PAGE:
Full Text Available Glucans derived from yeast cell wall are promising alternatives to antibiotics, as they have been shown to improve growth performance and stimulate the immune system of immature broilers. In this study we evaluated the effect of different levels of yeast beta-glucan (YBG on some blood parametrs of broiler chickens. In a factorial experiment based on completely randomized design (the first factor: YBG levels: 0, 0.04 and 0.08% of basal diet and sex as a second factor 144 day old chicks (72 male and 72 female were selected and allocated to different treatments (three replicates of each treatment. The overall experimental period was 34 days. At the end of study, two birds from each pen were randomly selected as a sample. The level of albumin, globulin, urea and total protein was measured on blood samples. Statistical analysis of the results showed that the YBG had no significant effect on albumin, globulin, urea and total protein level. But the amount of plasma albumin and total protein in female chicks was significantly higher than male chicks (p

  6. Total protein

    Science.gov (United States)

    ... page: //medlineplus.gov/ency/article/003483.htm Total protein To use the sharing features on this page, please enable JavaScript. The total protein test measures the total amount of two classes ...

  7. Urea utilization in protein deficient rats

    International Nuclear Information System (INIS)

    Tanaka, Noriko

    1982-01-01

    Three experiments were performed to investigate the mechanism of urea utilization and the nutritional roles of intestinal flora on the utilization of urea by rats fed with a protein deficient diet. Ammonia content in the small intestine in LPD(low protein diet) group fed with a low protein diet for 2 or 5 weeks was about three of five times higher than that of control group fed with SPD(standard protein diet) after administration of urea (0.2gN/100gB.W.). The 15 N incorporation into plasma protein of LPD group was significantly higher than that of the control group two hours after the administration of 15 N-urea (10 mg/100gB.W.) and higher level of 15 N concentration in plasma protein in LPD group was maintained thereafter. The 15 N incorporation into the amino acids of plasma protein was higher in LPD group than in control group. The 15 N incorporation into the amino acids in portal plasma seemed to be higher in LPD group than in control group one hour after the administration of 15 N-urea (10mg/100gB.W.). However, the 15 N incorporation into each free amino acids was suppressed considerably by the administration of antibiotic mixture. it follows that amino acids may be synthesized from urea in the intestine by intestinal-bacterial action and absorbed from portal vein. From these results, it may be concluded that the ammonia nitrogen converted from urea by the action of intestinal-bacterial urease in the intestine is utilized for the synthesis of essential and nonessential amino acids in protein deficient rats and transfered to the liver through portal vein and utilized for protein synthesis. (J.P.N.)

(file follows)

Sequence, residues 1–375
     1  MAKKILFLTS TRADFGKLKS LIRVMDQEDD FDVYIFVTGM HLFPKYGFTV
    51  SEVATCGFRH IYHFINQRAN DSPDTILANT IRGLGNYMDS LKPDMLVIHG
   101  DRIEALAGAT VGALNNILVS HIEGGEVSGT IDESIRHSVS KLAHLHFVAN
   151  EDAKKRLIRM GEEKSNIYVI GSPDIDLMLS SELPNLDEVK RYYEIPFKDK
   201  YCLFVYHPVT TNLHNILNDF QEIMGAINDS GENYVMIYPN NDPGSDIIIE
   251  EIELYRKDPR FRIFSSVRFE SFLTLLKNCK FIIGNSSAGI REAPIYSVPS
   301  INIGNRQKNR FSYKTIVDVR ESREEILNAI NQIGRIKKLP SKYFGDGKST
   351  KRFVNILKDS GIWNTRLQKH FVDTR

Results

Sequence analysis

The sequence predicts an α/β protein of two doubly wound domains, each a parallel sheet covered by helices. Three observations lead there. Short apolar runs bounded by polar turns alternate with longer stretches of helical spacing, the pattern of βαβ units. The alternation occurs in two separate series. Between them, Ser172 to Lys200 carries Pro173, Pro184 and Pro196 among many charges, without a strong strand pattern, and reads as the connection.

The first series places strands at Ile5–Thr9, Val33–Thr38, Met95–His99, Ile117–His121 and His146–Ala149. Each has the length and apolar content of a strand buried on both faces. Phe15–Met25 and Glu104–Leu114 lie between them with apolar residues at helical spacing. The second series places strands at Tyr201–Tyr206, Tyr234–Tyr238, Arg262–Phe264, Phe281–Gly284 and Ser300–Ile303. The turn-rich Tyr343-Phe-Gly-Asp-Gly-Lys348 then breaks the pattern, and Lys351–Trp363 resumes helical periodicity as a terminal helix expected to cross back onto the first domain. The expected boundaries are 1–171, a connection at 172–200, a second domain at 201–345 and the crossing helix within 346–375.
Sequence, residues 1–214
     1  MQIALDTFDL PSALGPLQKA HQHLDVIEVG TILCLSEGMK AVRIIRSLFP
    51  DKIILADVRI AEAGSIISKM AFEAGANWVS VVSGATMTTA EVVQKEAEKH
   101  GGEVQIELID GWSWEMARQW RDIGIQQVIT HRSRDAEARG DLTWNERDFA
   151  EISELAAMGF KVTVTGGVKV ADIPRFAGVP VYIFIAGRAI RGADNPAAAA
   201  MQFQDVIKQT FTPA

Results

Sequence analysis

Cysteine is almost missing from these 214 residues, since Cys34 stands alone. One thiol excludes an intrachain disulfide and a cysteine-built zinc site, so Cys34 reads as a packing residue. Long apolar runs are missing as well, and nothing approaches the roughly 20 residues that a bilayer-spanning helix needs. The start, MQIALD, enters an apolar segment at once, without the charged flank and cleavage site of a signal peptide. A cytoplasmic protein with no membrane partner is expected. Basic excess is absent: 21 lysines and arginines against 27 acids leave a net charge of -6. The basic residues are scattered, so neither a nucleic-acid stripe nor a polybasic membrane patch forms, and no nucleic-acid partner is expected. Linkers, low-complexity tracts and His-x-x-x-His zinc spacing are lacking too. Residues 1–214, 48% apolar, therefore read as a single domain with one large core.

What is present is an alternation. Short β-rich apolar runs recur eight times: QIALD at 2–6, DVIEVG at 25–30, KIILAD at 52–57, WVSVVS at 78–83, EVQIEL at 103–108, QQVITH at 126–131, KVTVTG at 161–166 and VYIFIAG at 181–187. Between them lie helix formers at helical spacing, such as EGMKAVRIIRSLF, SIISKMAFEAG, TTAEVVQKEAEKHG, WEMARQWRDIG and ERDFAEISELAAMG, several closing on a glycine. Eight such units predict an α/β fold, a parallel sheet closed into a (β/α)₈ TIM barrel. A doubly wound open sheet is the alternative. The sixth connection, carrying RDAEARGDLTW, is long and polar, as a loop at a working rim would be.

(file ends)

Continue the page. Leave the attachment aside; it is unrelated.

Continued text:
8. Urea utilization in protein deficient rats

    Energy Technology Data Exchange (ETDEWEB)

    Tanaka, N [Hyogo College of Medicine, Nishinomiya, Hyogo (Japan)

    1982-06-01

    Three experiments were performed to investigate the mechanism of urea utilization and the nutritional roles of intestinal flora on the utilization of urea by rats fed with a protein deficient diet. Ammonia content in the small intestine in LPD(low protein diet) group fed with a low protein diet for 2 or 5 weeks was about three of five times higher than that of control group fed with SPD(standard protein diet) after administration of urea (0.2gN/100gB.W.). The /sup 15/N incorporation into plasma protein of LPD group was significantly higher than that of the control group two hours after the administration of /sup 15/N-urea (10 mg/100gB.W.) and higher level of /sup 15/N concentration in plasma protein in LPD group was maintained thereafter. The /sup 15/N incorporation into the amino acids of plasma protein was higher in LPD group than in control group. The /sup 15/N incorporation into the amino acids in portal plasma seemed to be higher in LPD group than in control group one hour after the administration of /sup 15/N-urea (10mg/100gB.W.). However, the /sup 15/N incorporation into each free amino acids was suppressed considerably by the administration of antibiotic mixture. it follows that amino acids may be synthesized from urea in the intestine by intestinal-bacterial action and absorbed from portal vein. From these results, it may be concluded that the ammonia nitrogen converted from urea by the action of intestinal-bacterial urease in the intestine is utilized for the synthesis of essential and nonessential amino acids in protein deficient rats and transfered to the liver through portal vein and utilized for protein synthesis.

  9. Urea metabolism in Zebu calves fed on diets of dierent crude protein contents

    International Nuclear Information System (INIS)